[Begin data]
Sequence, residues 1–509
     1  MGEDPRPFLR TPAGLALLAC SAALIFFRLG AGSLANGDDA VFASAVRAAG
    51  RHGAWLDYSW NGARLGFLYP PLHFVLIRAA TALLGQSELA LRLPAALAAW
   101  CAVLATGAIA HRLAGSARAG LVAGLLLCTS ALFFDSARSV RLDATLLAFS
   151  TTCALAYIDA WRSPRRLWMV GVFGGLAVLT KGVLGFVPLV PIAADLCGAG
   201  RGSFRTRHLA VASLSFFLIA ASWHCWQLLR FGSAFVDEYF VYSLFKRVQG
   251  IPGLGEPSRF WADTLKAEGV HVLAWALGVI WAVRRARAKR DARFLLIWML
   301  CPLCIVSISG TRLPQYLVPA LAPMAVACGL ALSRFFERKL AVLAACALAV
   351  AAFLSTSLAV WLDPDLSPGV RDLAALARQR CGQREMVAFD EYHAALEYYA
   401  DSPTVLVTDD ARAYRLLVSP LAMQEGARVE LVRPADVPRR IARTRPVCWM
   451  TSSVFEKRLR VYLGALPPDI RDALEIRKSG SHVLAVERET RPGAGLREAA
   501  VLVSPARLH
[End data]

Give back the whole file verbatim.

Sequence, residues 1–509
     1  MGEDPRPFLR TPAGLALLAC SAALIFFRLG AGSLANGDDA VFASAVRAAG
    51  RHGAWLDYSW NGARLGFLYP PLHFVLIRAA TALLGQSELA LRLPAALAAW
   101  CAVLATGAIA HRLAGSARAG LVAGLLLCTS ALFFDSARSV RLDATLLAFS
   151  TTCALAYIDA WRSPRRLWMV GVFGGLAVLT KGVLGFVPLV PIAADLCGAG
   201  RGSFRTRHLA VASLSFFLIA ASWHCWQLLR FGSAFVDEYF VYSLFKRVQG
   251  IPGLGEPSRF WADTLKAEGV HVLAWALGVI WAVRRARAKR DARFLLIWML
   301  CPLCIVSISG TRLPQYLVPA LAPMAVACGL ALSRFFERKL AVLAACALAV
   351  AAFLSTSLAV WLDPDLSPGV RDLAALARQR CGQREMVAFD EYHAALEYYA
   401  DSPTVLVTDD ARAYRLLVSP LAMQEGARVE LVRPADVPRR IARTRPVCWM
   451  TSSVFEKRLR VYLGALPPDI RDALEIRKSG SHVLAVERET RPGAGLREAA
   501  VLVSPARLH